by Eric Royer, Instructional Developer, Reinert Center
The pandemic has, once again, disrupted teaching plans and learning arrangements as we embark on a new semester. Recent work has focused on the ways in which instructors can be flexible with their course designs or show more care and grace to students, but how can we assist students with being champions of their own learning during times of disruption?
This is where metacognition, defined by Saundra McGuire (2015, p. 16) as the ability of “students to monitor, plan, and control their mental processing,” comes into play. Metacognition involves conscious and deliberate thinking about the “how” and “why” of learning. For students, this entails being conscious of study patterns and habits, practicing knowledge retention and retrieval, and taking action as problem-solvers in the learning process. All are important if students need to miss class or ask for alternative assignment options due to being ill, caring for sick ones, or attending to other personal responsibilities.
The problem is that students often do not come to our courses with effective metacognitive skills in their learning toolbox. This is especially the case, now, after two years of emergency, then remote, then dual-mode teaching. Students are stressed and anxious about re-engaging with classroom instruction, full course loads, and their campus communities. They need to be reminded of expectations and strategies for being active learners in the classroom. They need help with re-learning how to participate in classroom discussions. Many don’t know how to talk to each other or develop relationships with their peers.
Teaching students metacognitive strategies doesn’t have to be a drain on your time or resources. It can take the form of quick surveys or practice exercises to see where students are before introducing a topic or assignment. You could ask students to document their learning experience and progress through an “exit-ticket” paper they submit at the end of a class or in a journal they submit at different points in the semester. You can help them focus their attention by crowd-sourcing notes or co-constructing study guides with them. You can help them develop relationships with their peers by creating opportunities for peer review or providing structured group work.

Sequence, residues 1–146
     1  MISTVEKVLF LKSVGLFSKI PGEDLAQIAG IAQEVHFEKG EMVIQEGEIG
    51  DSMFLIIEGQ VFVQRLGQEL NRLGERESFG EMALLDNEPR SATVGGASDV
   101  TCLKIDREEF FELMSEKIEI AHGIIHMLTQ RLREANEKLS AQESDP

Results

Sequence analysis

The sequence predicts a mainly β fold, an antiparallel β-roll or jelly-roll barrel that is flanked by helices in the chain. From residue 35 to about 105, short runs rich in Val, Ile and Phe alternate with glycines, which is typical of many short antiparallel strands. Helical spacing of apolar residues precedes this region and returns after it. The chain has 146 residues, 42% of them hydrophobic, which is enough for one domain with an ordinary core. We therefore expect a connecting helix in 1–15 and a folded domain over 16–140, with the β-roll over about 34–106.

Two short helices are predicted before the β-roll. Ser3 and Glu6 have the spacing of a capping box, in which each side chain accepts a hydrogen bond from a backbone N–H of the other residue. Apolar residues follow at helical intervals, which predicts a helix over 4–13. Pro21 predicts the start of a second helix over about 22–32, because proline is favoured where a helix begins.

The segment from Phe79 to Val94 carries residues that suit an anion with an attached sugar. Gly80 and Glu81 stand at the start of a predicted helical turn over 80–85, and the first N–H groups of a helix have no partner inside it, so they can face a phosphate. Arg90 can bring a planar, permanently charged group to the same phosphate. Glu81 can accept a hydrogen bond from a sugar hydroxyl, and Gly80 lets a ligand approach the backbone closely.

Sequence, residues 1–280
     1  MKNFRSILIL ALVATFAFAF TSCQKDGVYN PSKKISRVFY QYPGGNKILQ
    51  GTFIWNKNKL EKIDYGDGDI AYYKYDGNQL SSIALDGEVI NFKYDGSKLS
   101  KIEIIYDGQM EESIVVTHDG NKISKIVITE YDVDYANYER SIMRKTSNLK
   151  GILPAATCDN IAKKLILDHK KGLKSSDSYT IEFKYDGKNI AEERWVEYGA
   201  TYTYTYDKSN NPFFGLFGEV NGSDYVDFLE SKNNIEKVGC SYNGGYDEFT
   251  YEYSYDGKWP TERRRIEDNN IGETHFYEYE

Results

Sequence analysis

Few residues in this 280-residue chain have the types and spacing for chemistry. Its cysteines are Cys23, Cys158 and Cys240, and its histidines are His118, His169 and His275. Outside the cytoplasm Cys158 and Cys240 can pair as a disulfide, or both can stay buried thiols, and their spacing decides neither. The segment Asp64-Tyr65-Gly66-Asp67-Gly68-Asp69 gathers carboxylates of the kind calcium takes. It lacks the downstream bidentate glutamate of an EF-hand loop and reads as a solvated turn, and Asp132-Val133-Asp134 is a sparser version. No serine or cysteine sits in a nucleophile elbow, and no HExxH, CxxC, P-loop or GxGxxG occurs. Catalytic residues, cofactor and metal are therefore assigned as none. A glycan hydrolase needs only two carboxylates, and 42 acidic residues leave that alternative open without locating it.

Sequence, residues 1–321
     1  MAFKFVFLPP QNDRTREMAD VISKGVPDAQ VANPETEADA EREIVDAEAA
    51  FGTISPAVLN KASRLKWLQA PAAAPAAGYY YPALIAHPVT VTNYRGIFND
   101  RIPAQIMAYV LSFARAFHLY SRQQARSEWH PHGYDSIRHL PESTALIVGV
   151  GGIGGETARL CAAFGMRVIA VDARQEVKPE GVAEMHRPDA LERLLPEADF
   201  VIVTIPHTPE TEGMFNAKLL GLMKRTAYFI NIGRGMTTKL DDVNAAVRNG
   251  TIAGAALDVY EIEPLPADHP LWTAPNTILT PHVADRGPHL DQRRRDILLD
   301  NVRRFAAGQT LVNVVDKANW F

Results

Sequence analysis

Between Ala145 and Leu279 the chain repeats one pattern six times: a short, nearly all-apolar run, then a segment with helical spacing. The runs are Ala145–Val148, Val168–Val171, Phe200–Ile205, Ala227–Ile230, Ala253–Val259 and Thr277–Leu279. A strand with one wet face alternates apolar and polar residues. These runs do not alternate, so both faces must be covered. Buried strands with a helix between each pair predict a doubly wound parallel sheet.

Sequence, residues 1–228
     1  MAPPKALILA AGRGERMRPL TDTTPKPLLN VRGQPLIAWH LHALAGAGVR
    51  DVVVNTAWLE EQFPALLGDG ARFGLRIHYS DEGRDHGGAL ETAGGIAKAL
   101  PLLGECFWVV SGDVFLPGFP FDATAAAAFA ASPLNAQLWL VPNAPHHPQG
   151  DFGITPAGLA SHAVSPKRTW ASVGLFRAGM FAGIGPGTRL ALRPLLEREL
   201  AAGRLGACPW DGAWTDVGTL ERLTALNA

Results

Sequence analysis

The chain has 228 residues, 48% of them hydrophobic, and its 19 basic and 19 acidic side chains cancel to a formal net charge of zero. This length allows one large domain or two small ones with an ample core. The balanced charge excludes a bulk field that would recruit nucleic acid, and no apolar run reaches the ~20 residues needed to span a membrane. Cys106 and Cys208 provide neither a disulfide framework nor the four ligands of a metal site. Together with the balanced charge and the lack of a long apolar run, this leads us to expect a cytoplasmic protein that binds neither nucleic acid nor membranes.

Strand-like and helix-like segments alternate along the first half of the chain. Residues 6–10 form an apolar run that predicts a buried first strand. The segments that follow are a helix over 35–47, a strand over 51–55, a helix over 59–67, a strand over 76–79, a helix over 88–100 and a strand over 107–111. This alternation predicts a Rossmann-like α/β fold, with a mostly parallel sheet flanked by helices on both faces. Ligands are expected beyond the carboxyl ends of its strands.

While it’s hard to plan for teaching during times of disruption, we can teach our students the importance of monitoring, evaluating, and acting on their learning as a critical tool for their current and future success, transferable to any course or career setting they find themselves in.
Please contact the Reinert Center to schedule a consultation to talk further about your teaching plans or needs for Spring 2022.
McGuire, S.Y. (2015). Teach students how to learn: Strategies you can incorporate into any course to improve student metacognition, study skills, and motivation. Sterling, VA: Stylus.